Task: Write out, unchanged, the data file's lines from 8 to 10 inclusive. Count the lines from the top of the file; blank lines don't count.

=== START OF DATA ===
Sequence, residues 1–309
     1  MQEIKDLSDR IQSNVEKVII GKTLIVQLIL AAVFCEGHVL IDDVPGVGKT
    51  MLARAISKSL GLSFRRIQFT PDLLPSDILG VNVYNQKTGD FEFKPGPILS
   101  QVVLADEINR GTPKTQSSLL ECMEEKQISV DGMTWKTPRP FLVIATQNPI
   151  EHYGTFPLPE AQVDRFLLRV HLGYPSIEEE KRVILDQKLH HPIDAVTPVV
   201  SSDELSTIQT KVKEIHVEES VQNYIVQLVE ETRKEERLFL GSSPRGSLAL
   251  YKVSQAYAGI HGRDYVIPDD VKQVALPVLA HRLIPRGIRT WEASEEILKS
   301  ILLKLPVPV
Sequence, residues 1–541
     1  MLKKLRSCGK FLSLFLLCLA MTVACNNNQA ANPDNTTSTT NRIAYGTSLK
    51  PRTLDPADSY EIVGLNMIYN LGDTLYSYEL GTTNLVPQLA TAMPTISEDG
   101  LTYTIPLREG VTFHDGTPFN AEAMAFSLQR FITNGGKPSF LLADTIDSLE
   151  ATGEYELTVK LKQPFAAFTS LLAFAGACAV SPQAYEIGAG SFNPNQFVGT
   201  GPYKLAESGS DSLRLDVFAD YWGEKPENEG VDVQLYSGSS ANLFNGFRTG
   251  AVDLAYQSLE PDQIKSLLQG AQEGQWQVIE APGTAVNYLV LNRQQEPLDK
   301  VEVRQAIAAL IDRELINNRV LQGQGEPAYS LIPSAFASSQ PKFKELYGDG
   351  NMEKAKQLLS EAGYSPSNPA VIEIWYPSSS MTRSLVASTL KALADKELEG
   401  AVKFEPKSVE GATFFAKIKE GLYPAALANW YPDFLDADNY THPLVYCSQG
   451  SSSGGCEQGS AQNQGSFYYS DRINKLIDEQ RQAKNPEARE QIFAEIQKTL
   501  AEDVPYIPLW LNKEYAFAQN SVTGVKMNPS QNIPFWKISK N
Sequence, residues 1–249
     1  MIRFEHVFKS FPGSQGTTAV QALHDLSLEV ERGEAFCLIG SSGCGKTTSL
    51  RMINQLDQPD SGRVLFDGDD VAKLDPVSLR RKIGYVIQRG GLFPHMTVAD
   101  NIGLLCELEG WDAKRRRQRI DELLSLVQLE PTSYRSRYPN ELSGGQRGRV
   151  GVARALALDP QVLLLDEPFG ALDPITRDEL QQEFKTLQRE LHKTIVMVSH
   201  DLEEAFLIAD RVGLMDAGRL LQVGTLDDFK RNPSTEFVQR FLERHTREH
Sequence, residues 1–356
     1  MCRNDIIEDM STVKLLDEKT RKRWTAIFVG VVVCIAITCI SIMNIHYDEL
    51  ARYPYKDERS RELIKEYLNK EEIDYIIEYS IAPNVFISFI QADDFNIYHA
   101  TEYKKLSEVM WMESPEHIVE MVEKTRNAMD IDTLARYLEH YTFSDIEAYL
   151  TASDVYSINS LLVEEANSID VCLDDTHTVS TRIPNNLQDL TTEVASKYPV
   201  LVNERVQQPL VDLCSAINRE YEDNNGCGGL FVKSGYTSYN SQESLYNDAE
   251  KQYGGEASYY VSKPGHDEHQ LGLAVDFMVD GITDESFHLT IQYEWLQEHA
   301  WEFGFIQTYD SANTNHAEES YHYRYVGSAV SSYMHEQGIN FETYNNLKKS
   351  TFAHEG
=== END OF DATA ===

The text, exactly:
   301  ILLKLPVPV
Sequence, residues 1–541
     1  MLKKLRSCGK FLSLFLLCLA MTVACNNNQA ANPDNTTSTT NRIAYGTSLK